• Open Access

Phase II, Open-Label Trial of Single-Agent CCNU in Dogs with Previously Untreated Histiocytic Sarcoma


  • Dr Moore is presently affiliated with Veterinary Oncology Consultants, Wauchope, Australia. Dr Russell is presently affiliated with The Ohio State University, Columbus, OH. Dr Northrup is presently affiliated with College of Veterinary Medicine, University of Georgia, Athens, GA. Dr Kristal is presently affiliated with Chavat Daat Veterinary Specialty Center, Bet Berl, Kfar Saba, Israel. Dr Bailey is presently affiliated with Oradell Animal Hospital, Paramus, NJ. Dr Flory is presently affiliated with Veterinary Specialist Centre, North Ryde, Australia. Dr Kiselow is presently affiliated with Veterinary Medical Specialists, Campbell, CA. Dr Intile is presently affiliated with Veterinary Specialists of Rochester, Rochester, NY.

Corresponding author: Kenneth Rassnick, DVM, DACVIM, Department of Clinical Sciences, College of Veterinary Medicine, Cornell University, P.O. Box 31, Ithaca, NY 14853; e-mail kmr32@cornell.edu.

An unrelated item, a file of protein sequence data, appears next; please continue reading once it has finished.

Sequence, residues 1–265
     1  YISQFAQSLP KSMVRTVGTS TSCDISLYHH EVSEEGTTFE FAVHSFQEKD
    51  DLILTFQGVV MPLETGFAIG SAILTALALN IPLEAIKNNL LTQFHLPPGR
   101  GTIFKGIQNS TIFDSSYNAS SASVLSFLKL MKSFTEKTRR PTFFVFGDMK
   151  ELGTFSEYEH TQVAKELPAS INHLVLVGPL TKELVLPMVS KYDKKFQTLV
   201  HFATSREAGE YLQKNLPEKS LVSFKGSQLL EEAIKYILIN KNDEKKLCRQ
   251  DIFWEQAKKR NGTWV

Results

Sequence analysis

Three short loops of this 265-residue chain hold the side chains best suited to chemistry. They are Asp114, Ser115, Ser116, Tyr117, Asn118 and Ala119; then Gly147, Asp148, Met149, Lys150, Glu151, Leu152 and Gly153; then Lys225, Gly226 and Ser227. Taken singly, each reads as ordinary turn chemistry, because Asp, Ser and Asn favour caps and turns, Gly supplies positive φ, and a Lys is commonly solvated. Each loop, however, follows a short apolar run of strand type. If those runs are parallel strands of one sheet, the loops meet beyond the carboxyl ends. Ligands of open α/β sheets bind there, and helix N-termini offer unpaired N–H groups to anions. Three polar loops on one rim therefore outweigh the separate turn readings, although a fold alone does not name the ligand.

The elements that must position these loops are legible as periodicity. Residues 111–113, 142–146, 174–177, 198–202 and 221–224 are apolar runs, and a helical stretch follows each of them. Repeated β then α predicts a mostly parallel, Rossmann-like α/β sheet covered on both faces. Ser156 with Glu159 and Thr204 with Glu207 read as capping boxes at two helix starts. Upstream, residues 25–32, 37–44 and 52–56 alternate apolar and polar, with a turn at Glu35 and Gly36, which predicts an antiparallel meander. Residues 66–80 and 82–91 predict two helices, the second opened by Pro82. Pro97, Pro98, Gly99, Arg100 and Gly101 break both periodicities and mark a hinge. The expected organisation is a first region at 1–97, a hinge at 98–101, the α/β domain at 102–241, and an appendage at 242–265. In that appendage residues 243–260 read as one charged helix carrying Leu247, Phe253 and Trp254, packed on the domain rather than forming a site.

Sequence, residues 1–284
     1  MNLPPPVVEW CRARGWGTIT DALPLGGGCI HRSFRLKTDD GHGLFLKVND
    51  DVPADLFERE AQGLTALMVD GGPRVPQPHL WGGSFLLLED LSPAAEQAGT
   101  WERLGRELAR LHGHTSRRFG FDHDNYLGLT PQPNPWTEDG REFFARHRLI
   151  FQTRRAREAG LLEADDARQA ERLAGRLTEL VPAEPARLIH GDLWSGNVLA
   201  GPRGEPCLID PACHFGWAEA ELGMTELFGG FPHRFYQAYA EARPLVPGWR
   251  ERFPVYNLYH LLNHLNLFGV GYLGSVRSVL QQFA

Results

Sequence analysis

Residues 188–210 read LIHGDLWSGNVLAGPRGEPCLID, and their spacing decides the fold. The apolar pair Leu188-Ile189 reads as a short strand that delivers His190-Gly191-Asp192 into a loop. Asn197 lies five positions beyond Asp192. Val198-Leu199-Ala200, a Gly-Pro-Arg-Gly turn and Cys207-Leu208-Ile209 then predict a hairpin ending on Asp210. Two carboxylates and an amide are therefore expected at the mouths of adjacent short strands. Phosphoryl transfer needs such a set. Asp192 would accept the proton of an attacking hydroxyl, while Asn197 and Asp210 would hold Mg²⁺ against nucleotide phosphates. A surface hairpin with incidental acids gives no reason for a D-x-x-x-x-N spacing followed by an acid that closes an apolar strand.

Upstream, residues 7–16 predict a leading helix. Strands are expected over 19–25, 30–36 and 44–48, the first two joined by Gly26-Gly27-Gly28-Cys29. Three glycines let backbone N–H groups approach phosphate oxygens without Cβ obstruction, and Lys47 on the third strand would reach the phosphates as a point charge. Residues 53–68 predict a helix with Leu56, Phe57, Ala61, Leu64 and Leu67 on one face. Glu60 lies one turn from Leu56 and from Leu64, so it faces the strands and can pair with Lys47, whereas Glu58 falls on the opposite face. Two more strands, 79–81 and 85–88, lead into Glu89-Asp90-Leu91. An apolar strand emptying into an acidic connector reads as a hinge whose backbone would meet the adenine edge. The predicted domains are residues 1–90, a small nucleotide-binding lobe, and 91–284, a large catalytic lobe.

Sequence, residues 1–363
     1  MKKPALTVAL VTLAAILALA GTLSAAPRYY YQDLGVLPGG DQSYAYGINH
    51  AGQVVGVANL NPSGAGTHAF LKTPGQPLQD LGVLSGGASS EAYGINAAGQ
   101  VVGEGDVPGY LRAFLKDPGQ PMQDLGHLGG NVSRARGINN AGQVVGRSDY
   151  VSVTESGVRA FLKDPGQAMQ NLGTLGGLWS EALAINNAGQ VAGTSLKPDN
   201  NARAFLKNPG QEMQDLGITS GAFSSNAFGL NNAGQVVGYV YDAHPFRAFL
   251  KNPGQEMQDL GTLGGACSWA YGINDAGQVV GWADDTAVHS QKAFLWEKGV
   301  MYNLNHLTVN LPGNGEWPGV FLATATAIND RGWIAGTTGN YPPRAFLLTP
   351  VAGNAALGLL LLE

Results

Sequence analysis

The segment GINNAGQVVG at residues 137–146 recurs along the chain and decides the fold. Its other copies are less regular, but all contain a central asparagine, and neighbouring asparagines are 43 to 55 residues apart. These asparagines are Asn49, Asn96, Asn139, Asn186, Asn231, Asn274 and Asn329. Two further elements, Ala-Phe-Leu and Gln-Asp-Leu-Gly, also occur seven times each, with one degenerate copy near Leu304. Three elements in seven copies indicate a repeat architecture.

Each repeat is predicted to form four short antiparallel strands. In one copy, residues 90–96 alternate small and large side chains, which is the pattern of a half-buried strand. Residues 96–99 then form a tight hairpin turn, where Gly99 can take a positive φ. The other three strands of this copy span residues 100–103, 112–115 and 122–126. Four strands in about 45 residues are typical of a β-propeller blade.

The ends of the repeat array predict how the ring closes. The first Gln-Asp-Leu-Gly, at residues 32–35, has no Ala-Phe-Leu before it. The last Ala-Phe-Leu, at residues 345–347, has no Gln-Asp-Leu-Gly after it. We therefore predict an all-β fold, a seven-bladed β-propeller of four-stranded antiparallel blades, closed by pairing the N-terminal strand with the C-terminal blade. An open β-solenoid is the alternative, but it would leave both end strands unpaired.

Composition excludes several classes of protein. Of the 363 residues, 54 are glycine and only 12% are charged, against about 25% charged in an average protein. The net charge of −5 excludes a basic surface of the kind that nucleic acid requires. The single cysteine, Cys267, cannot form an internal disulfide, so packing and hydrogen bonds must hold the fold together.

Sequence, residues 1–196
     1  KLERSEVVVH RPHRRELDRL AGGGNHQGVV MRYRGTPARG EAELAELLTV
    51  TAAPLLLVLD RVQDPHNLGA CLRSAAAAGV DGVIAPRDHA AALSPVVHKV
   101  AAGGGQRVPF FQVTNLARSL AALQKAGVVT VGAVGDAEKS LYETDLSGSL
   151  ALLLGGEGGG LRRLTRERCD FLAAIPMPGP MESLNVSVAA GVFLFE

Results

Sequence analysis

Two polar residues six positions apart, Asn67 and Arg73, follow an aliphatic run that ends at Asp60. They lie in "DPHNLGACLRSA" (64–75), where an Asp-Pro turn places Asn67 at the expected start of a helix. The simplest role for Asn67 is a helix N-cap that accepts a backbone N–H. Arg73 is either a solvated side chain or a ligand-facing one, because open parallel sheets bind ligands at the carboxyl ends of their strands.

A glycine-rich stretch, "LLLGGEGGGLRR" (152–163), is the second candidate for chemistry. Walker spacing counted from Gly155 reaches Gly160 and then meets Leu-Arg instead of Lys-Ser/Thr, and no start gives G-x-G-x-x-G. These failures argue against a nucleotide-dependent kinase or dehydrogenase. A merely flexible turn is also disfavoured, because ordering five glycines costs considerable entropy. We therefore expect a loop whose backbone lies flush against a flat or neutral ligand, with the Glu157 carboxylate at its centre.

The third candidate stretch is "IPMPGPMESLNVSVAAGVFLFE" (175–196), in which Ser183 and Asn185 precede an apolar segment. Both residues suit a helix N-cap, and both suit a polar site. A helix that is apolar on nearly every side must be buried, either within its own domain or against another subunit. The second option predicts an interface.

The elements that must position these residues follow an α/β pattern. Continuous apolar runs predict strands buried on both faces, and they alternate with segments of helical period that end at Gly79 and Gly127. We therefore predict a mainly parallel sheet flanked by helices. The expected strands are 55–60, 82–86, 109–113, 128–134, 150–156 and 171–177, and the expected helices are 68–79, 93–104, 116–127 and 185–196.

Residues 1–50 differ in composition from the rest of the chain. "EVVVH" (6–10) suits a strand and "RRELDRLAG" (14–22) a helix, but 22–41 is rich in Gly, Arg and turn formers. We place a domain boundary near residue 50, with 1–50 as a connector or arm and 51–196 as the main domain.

Background: Histiocytic sarcoma (HS) is an aggressive neoplasm in dogs, and in most instances, the disease is localized, but not amenable to surgical removal, or is disseminated. Affected patients usually die within 6 months. There have been no prospective studies to determine efficacy of single-agent chemotherapy in dogs with HS.

Hypothesis: Single-agent CCNU [1-(2-chloroethyl)3-cyclohexyl-1-nitrosourea; lomustine] has antitumor activity against HS in dogs.

Animals: Twenty-one dogs with histologically confirmed, nonresectable localized or disseminated HS.

Methods: Prospective, open-label phase II clinical trial in which dogs with previously untreated HS were uniformly treated with CCNU as a single oral dosage of 90 mg/m2 every 4 weeks. The primary outcome measure was reduction in tumor size.

Results: Fourteen dogs with disseminated HS and 7 with localized HS were enrolled between 1999 and 2008. Overall response rate was 29% (95% confidence interval [CI], 14–50%) for a median of 96 days (95% CI, 55–137 days). Three dogs (1 disseminated, 2 localized) had complete responses lasting for 54–269 days and 3 dogs (2 disseminated, 1 localized) had partial responses lasting for 78–112 days.

Conclusions and Clinical Importance: CCNU, when used as a single agent, has activity against HS in dogs. Evaluation of CCNU postoperatively for dogs with resectable localized HS and as part of combination therapy for tumors that are nonresectable or disseminated should be considered.